After a standout rendition of "Jolene" for a recent star-studded Dolly Parton tribute album, a performance on The Tonight Show, articles in USA Today, Rolling Stone and The New Yorker, and a designation as the Americana Music Association's New/Emerging Artist of the Year, Mindy Smith is Nashville's music-maker of the moment.
Her folkish 2004 debut, One Moment More, is full of sweetness and light (as might be suggested by the 32-year-old's waifish appearance). A curious exception is the opening song, "Come to Jesus," written from Mel Gib... sorry, I mean God's point of view, and filled to the brim with Dan Dugmore's dirty lap steel and Smith's plaintive Appalachian longing.
"When I was writing that song," Smith says, "I was super, super frustrated and somewhat jaded. I couldn't make anything work with my music and everything was just kind of falling apart, you know. And so that song came from that kind of poverty, struggle and frustration.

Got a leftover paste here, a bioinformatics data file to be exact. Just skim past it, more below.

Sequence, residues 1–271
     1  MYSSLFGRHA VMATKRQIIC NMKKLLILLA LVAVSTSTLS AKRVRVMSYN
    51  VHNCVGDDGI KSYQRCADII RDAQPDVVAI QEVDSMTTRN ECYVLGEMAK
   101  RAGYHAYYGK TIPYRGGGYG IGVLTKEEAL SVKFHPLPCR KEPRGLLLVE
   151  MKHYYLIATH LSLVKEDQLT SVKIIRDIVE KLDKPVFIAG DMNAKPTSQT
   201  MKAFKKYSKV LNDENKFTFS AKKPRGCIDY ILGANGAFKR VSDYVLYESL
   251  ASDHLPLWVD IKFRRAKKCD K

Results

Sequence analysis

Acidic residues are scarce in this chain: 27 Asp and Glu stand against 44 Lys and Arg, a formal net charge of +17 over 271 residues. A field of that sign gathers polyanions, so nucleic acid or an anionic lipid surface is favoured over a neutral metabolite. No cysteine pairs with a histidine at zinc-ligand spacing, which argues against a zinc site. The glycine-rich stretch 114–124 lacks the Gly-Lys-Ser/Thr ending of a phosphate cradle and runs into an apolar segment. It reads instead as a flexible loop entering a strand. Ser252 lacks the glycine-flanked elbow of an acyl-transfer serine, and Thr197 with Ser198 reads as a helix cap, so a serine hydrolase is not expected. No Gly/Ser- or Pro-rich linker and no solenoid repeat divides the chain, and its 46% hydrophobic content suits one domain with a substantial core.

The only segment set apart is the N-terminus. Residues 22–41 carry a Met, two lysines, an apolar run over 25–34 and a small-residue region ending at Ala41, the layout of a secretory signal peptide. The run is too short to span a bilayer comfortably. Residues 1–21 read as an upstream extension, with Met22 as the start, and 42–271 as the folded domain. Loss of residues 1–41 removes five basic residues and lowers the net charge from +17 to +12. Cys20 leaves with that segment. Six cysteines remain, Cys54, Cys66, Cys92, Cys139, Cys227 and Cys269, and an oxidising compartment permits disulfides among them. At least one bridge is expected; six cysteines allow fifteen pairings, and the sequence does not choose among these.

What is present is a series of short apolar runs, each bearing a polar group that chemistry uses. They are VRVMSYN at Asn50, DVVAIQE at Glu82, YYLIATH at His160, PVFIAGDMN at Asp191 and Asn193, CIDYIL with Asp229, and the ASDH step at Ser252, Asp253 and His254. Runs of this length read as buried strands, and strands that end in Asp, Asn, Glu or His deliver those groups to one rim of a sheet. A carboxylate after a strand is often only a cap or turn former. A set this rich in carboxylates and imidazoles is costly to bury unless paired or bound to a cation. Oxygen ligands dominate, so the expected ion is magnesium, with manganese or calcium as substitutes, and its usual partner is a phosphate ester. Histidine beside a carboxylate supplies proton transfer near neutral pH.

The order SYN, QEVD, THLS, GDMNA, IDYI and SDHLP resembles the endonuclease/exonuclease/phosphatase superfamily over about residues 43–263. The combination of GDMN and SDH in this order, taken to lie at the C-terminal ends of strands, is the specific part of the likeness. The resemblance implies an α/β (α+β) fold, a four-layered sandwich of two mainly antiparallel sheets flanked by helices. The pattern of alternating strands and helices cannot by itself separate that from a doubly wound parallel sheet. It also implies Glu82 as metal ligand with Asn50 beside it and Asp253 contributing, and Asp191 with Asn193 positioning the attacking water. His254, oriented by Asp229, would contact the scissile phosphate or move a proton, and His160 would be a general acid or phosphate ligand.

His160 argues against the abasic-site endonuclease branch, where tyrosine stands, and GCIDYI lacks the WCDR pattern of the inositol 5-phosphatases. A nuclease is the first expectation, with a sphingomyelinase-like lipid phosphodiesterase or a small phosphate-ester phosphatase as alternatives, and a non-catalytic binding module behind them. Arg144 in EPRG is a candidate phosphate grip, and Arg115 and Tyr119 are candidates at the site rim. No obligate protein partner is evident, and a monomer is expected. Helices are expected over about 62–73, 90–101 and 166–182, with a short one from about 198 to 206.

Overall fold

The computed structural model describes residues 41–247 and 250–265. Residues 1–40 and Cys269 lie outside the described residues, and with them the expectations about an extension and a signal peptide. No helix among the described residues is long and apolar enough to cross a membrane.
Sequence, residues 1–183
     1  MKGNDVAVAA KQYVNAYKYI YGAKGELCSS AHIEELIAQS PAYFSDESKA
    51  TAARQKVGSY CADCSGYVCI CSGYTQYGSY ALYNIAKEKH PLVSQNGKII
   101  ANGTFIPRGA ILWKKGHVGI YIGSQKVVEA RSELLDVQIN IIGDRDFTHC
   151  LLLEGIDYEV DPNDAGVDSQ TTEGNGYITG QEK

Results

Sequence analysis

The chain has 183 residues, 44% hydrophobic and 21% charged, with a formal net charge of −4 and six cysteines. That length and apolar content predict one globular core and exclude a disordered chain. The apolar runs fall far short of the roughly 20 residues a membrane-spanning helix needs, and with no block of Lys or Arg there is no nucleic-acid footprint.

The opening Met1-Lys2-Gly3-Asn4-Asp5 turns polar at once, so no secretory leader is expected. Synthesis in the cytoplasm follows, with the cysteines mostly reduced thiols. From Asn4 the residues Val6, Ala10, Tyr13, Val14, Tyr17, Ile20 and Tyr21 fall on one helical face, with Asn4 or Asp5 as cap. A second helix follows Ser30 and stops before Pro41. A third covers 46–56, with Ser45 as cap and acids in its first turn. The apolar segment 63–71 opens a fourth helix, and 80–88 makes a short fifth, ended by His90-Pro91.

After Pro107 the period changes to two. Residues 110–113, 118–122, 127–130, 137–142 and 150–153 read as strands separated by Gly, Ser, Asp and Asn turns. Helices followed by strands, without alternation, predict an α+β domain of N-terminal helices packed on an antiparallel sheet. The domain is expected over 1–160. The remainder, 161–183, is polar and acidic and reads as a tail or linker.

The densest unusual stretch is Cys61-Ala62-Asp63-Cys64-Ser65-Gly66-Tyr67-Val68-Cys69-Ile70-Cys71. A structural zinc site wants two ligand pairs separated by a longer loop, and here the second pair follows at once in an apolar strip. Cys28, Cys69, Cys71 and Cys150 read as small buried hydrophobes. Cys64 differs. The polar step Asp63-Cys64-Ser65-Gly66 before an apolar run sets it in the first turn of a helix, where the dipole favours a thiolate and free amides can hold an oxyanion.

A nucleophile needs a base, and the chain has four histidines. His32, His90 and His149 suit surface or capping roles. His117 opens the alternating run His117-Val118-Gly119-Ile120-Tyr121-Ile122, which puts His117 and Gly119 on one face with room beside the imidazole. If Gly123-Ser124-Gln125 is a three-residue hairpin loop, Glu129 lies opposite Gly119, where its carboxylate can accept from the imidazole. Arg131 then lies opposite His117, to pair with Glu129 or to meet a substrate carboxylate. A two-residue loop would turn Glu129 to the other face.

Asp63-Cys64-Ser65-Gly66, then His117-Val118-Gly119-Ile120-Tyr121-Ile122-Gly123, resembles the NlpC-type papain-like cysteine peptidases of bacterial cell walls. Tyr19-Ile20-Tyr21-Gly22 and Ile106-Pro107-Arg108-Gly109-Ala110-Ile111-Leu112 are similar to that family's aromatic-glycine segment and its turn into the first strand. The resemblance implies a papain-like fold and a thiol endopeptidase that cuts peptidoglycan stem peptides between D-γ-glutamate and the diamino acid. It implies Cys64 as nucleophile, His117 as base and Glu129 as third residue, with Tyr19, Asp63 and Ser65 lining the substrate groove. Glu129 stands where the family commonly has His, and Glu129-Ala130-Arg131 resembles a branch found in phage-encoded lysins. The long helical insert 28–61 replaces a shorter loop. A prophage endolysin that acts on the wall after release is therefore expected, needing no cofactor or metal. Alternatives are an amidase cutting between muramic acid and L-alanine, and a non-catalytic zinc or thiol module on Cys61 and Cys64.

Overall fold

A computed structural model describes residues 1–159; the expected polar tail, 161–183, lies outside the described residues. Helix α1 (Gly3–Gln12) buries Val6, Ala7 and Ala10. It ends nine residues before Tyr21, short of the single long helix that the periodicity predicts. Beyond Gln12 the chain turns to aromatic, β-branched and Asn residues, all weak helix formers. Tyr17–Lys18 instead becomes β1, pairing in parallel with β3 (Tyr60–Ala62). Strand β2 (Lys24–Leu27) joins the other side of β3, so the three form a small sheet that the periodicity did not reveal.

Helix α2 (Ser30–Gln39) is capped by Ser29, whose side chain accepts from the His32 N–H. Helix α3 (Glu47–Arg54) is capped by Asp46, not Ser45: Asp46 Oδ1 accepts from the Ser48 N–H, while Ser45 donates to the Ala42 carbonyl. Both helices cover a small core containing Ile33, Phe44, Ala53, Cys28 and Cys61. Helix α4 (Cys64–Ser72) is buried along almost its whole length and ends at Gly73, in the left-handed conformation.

"When I wrote it, I sat down with my guitar and I said, What would God say to me if He were in the room?"
So we're clear then-this is Smith singing a song that she wrote in which God is singing to her.
"I think, yeah, in a manner of speaking," the singer-songwriter says. "I think He definitely spoke to me that day. It's definitely a perspective piece."
Smith grew up on Long Island, the adopted daughter of a minister and his choir-director wife who died of cancer when Smith was a teen. Then it was off to Cincinnati Bible College. Yet despite her religious background and the see-through subject matter of "Come to Jesus," Smith doesn't want to be classified as a Christian artist.
Like most artists, she avoids boxes of all sorts, even if they may be true to her religious beliefs.
"I want to be whatever I feel like being at that moment," she says. "I'm not necessarily your ideal Christian artist, anyway. I'm just as flawed as everybody else. I don't want expectations like that on me. I have to write about everything, you know."Mindy Smith sheds sweetness and light with Tift Merritt and Garrison Starr at 'Canes, 8 p.m. on Nov. 6. $17.50. 858-488-1780.